I am looking for a High Availability solution for a WAN Core with 12 odd Chanelized and Frac T1 and a handful of odd 56k lines coming into it. Idealy I would like some sort of circuit failover for in the event of a system failure.
I can't seem to be able to find a solution for that meets this requirement. Any and all help is appretiated.
I am looking for a HA solution. In the IBM AIX world they call it HACMP. In the Microsoft world they call it a Fail Over Cluster.
I have a router with data circuits connected to it. I want a redundant router to 'take over' those data circuits when my primary router fails for whatever reason.
Think of it as a HOT SPARE solution. Instead of a hot spare power supply, a hot spare router. There used to be a technology available for cisco that did this. I find it hard to believe I am the only one looking for this?
There is a VRRP/Hot Standby Router Protocol supported by Cisco, but that's a LAN protocol. May be that's what you are looking for.
If there are two routers A and B, forming cluster e.g., and router A connects to a T1. If A goes down how will the T1 of downed router A be fed to router B? You are talking additional smart devices here to sense the router down and feed the T1 to other router. I am not aware of any such devices.
HSRP is the typical way to provide automatic failover for hosts on a LAN with Cisco routers. Other vendors use the open standard VRRP, which provides equivalent services (albeit in a different way with different strengths and weaknesses). WAN links usually are protected by standard routing protocols supporting redundant links and the issues are totally different from those on the LAN side of the routers. Both sides need to be addressed for real high availability.
Chapter six of my book "High Availability Networking with CIsco" is dedicated to the challenge of having one router on a LAN cover for the failure of an alternate router on the same LAN. I would recommend, however, reading the entire book, looking at the concepts in Chapter three (multihoming a host to multiple LANs), Eight (multihoming through multiple ISPs), Nine (redundant firewalls), Eleven (disaster recovery) and Twelve (management considerations).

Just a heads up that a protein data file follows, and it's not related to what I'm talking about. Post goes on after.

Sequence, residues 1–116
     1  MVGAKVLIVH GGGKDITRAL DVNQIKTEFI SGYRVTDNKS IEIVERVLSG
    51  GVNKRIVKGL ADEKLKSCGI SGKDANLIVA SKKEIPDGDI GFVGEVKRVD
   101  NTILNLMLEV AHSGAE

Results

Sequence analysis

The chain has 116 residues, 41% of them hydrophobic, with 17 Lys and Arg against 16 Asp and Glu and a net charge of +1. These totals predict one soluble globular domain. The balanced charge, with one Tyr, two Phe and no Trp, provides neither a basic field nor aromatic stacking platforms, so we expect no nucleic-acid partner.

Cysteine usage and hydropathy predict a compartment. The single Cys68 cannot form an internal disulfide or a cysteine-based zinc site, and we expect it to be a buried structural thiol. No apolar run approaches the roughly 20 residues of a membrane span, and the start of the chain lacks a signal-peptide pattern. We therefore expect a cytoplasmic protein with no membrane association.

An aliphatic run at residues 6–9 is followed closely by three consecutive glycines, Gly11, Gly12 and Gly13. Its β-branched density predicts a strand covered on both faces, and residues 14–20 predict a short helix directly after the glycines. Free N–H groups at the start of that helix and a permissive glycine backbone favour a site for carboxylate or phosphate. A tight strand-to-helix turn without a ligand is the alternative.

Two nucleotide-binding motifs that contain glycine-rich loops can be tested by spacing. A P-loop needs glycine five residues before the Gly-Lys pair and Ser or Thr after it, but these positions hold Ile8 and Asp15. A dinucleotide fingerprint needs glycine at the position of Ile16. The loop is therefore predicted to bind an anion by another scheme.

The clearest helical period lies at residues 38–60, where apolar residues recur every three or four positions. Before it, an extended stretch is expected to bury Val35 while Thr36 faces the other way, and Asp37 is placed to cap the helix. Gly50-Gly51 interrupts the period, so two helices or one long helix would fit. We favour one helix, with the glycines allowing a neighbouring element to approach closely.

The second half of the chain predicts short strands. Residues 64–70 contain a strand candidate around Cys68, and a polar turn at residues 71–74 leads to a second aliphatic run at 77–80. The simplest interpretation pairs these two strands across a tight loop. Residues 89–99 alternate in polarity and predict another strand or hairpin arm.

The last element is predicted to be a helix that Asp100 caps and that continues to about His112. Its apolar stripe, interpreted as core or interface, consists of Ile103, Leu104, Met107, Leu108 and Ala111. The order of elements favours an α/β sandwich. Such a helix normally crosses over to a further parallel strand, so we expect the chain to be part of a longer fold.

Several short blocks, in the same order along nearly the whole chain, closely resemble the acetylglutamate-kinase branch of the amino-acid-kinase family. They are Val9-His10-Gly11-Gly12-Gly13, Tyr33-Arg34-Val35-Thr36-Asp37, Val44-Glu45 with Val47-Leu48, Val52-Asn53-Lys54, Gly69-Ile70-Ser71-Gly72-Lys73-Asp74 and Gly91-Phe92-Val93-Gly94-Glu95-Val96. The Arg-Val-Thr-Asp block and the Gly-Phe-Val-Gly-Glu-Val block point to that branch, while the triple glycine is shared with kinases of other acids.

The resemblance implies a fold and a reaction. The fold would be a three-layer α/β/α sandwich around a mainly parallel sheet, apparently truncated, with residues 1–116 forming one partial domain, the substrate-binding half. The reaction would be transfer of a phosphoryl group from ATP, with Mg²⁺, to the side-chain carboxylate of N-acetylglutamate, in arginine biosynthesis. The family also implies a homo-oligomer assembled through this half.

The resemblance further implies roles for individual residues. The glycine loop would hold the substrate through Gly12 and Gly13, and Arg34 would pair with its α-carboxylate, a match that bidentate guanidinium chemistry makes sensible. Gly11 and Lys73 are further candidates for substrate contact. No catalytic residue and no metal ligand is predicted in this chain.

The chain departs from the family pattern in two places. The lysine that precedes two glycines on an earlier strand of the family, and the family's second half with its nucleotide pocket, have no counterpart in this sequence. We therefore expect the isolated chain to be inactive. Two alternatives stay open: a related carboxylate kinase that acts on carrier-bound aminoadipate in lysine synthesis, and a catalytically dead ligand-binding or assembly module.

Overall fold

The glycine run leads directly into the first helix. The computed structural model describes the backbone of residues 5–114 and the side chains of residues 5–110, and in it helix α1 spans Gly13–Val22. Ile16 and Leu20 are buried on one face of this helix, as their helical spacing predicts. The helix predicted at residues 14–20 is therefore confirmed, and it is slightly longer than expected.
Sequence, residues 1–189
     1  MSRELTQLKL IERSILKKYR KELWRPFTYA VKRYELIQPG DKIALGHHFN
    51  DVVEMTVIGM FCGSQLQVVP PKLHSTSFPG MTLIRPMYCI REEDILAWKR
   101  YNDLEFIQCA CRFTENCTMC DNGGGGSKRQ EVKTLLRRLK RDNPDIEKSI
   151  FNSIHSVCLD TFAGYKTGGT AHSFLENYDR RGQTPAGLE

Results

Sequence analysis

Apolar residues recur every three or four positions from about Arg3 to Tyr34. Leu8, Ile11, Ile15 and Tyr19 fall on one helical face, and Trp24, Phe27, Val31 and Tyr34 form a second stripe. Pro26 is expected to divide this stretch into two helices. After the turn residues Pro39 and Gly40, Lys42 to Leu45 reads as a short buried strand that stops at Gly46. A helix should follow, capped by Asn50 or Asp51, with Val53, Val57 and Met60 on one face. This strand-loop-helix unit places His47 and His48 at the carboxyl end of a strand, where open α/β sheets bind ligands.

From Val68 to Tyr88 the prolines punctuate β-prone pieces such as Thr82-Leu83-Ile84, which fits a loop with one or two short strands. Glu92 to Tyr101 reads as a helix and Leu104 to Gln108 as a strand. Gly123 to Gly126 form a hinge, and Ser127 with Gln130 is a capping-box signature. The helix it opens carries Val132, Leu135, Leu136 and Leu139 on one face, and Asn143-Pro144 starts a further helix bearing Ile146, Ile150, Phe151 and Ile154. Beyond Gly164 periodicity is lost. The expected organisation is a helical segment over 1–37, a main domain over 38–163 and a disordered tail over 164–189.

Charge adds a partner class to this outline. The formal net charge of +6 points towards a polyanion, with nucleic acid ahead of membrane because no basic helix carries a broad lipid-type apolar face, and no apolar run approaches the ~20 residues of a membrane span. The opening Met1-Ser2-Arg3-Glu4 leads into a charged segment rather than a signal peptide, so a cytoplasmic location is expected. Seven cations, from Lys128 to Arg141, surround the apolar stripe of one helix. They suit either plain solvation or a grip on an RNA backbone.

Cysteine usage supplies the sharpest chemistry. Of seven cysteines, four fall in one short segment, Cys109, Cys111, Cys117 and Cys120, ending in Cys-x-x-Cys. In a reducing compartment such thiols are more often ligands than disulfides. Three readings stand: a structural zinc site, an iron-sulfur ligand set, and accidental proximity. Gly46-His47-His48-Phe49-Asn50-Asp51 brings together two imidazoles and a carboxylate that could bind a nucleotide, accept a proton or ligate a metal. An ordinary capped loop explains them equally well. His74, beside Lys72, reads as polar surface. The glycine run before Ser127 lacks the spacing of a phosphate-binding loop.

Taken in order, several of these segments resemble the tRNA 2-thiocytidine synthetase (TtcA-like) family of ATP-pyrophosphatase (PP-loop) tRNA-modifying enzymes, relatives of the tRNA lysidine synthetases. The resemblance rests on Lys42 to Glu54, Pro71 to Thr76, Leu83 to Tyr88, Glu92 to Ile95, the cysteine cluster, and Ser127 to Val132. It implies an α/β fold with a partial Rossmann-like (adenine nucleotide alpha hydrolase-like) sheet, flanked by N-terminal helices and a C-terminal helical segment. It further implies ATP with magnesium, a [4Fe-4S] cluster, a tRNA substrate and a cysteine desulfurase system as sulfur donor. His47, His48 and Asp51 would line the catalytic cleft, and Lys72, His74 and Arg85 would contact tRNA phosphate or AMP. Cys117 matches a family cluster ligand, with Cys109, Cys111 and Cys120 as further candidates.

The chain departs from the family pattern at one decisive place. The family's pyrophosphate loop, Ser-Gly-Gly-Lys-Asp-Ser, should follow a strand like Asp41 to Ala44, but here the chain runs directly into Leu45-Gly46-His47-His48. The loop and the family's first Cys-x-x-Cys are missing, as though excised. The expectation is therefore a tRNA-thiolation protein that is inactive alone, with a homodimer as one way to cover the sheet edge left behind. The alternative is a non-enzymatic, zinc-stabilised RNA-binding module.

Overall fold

I am assuming from your clarification that you have already taken care of the cluster and data considerations inherent in a useful HA solution. If you are not familiar with Marcus & Stern's "Blueprints for High Availability", you should pick up a copy and read that first. My book is a 600 page expansion of their one chapter on networking considerations.
For what it's worth, you'll find the data circuits far more prone to failure than the routers at either end. Consequently, while there are black boxes which will switch a data circuit from one router to another, the added availability is more often an illusion, as the black box also becomes yet another single point of failure. You would get more bang for your buck by focusing on physical diversity of your circuits.
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